Chris Cornell, Soundgarden and Audioslave frontman, died May 17, 2017 at age 52. His death was later confirmed as a suicide by hanging.

However, two days later, Cornell’s wife, Vicky Cornell, began disputing the idea that Cornell took his own life. A full statement was released at the time, and now, Cornell’s family is filing a lawsuit against the doctor who they claim was over-prescribing medication to the singer, which eventually caused his death, according to Billboard.

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Vicky’s full statement at the time of her husband’s death was as follows:

“Chris’s death is a loss that escapes words and has created an emptiness in my heart that will never be filled. As everyone who knew him commented, Chris was a devoted father and husband. He was my best friend. His world revolved around his family first and of course, his music, second. He flew home for Mother’s Day to spend time with our family. He flew out mid-day Wednesday, the day of the show, after spending time with the children. When we spoke before the show, we discussed plans for a vacation over Memorial Day and other things we wanted to do. When we spoke after the show, I noticed he was slurring his words; he was different. When he told me he may have taken an extra Ativan or two, I contacted security and asked that they check on him. What happened is inexplicable and I am hopeful that further medical reports will provide additional details. I know that he loved our children and he would not hurt them by intentionally taking his own life.

The outpouring of love and support from his fans, friends and family means so much more to us than anyone can know. Thank you for that, and for understanding how difficult this is for us.”

Vicky's attorney, Kirk Pasich, also referenced the anti-anxiety drug Ativan in his statement at the time of his death. “Some medical literature indicates that Ativan can cause paranoid or suicidal thoughts, slurred speech and impaired judgment,” he writes.

Now, Billboard is reporting Vicky and their children, Toni and Christopher, filed a lawsuit against Dr. Robert Koblin and his Beverly Hills office. Cornell’s family claim prescription drugs, especially anti-anxiety medication Lorazepam, led to his erratic behavior prior to his death.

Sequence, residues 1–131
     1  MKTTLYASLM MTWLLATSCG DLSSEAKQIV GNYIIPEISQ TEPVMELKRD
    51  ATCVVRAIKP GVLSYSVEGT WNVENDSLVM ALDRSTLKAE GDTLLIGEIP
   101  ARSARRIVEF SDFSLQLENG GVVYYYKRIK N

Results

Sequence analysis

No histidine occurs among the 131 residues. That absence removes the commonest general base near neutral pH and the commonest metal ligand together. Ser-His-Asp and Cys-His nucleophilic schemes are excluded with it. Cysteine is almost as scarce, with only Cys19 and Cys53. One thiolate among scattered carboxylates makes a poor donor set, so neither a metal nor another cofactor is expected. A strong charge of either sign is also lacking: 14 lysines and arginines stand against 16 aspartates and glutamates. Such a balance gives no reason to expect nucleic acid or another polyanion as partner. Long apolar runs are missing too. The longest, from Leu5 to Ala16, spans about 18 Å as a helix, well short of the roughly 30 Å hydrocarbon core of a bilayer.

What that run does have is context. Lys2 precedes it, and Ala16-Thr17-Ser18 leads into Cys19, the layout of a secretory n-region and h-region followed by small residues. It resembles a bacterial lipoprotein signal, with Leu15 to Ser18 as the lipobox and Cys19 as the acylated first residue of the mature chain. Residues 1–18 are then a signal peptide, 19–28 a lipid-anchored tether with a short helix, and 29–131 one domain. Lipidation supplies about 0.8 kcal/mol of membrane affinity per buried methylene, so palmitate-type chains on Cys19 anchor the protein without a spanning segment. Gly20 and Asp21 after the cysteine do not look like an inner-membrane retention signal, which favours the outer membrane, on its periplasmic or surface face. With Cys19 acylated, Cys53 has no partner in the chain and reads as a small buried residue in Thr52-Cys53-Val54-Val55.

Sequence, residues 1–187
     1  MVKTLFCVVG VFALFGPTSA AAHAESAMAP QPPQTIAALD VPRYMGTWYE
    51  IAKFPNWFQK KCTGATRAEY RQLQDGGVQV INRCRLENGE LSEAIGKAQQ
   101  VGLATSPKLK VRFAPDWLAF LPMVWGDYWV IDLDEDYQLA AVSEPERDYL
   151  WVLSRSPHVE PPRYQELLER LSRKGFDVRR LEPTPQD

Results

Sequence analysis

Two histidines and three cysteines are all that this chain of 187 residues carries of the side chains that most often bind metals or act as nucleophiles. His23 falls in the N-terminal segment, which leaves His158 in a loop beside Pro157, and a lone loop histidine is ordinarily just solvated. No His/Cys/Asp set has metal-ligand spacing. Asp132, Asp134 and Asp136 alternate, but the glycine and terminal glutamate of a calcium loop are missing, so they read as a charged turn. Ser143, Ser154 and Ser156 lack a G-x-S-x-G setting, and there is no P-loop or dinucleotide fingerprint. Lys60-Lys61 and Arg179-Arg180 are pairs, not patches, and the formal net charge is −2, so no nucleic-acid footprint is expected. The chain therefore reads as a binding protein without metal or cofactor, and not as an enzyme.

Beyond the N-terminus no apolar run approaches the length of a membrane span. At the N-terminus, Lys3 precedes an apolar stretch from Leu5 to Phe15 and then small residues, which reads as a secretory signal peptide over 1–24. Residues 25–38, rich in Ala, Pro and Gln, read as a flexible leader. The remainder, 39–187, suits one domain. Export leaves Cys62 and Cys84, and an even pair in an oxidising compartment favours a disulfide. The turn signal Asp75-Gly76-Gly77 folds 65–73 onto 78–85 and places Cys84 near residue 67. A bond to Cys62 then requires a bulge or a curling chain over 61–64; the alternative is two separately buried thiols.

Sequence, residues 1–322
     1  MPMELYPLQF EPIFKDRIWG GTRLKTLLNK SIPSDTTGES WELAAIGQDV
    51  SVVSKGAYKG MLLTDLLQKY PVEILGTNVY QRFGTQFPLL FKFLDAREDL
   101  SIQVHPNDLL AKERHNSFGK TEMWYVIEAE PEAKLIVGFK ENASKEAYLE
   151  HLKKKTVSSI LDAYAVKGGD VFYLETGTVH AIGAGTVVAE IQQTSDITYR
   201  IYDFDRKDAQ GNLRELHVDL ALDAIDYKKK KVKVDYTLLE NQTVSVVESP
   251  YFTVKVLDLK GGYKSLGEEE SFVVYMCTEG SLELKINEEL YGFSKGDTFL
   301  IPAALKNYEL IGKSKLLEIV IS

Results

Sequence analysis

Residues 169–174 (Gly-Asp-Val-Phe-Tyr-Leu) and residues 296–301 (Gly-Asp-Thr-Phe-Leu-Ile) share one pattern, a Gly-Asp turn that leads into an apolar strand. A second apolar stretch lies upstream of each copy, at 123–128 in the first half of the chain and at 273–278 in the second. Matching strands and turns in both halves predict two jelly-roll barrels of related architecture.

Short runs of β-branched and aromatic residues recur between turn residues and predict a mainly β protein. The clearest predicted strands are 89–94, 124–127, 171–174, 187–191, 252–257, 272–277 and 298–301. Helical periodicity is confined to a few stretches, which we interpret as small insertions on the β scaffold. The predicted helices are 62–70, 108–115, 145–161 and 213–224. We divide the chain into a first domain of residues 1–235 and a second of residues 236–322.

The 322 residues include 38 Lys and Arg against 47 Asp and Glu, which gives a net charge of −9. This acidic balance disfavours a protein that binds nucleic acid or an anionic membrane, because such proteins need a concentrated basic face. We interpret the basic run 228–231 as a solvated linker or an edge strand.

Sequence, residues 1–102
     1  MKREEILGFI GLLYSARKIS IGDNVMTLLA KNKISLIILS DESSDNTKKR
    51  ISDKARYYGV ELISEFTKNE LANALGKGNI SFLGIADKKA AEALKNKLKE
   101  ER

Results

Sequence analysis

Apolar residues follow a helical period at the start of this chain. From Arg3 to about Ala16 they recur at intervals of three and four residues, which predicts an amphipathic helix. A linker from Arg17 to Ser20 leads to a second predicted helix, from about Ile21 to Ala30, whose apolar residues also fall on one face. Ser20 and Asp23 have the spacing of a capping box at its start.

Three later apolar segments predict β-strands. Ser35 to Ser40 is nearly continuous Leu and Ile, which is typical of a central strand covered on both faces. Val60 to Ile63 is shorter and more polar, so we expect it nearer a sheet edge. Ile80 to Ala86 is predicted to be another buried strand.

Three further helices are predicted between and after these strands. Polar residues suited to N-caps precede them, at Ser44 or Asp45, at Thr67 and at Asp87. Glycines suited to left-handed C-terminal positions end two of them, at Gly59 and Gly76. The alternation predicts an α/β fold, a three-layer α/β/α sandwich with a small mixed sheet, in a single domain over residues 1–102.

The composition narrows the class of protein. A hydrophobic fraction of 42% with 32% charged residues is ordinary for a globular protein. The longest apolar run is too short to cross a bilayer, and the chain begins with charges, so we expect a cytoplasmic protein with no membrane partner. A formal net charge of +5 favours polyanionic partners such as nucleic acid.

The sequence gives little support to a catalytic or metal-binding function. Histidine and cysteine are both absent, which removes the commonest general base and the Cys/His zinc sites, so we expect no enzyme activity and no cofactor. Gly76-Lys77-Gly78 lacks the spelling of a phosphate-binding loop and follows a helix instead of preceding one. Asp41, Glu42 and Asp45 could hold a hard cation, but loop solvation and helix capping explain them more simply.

Lorazepam is sold under the brand name Ativan, which the lawsuit states Koblin was prescribing to Cornell in the 20 months leading up to his death. While his death was ruled suicide by hanging, toxicology results did show the presence of Ativan in his system. However, the autopsy report stated the drugs weren’t the cause of death.

The lawsuit states Koblin and anonymous members of his office staff “negligently and repeatedly” prescribed “dangerous mind-altering controlled substances to Chris Cornell which impaired Mr. Cornell’s cognition, clouded his judgment, and caused him to engage in dangerous impulsive behaviors that he was unable to control, costing him his life.”

The lawsuit alleges the doctor knew Cornell had a history of substance abuse and failed to examine or consult with him. The “unmonitored use of such excessive amounts of Lorazepam ... was known to increase the risk of suicide because it can severely impair judgment, thinking and impulse control and diminish the ability of a patient to think and act rationally,” the lawsuit states.

Vicky echoed her initial statement following his death in the lawsuit, which states “At the time of his death, Mr. Cornell had everything to live for and was planning a future of recordings, performances and continued work as a charitable activist.”

Chris Cornell statue

A statue honoring Cornell was unveiled in Seattle at the Museum of Pop Culture. The ceremony was initially planned for September but moved to Oct. 7 following “overwhelming response from the Seattle community and fans,” according to Vicky.

The statue was commissioned and donated to MoPOP by Vicky and created by artist Nick Marras. It shows Cornell in a signature pose with his boots, dog tag and long hair.

“As an artist, my husband was not only one of the greatest voices in rock history but also one of the greatest and most prolific poets of his time—his contribution to music birthed a movement that would leave an indelible mark on popular music forever,” Vicky says. “It only makes sense that I donate this statue to MoPop with their dedication to the ideas and risk-taking that fuel contemporary popular culture.”

The widow added MoPOP was the “perfect place” for people to check out the museum and pay homage.

“MoPOP serves to celebrate the Seattle music scene and the luminaries who have emerged from the Northwest. Chris was a key figure who has made a lasting impact on generations worldwide,” Jasen Emmons, the artistic director of MoPOP, says.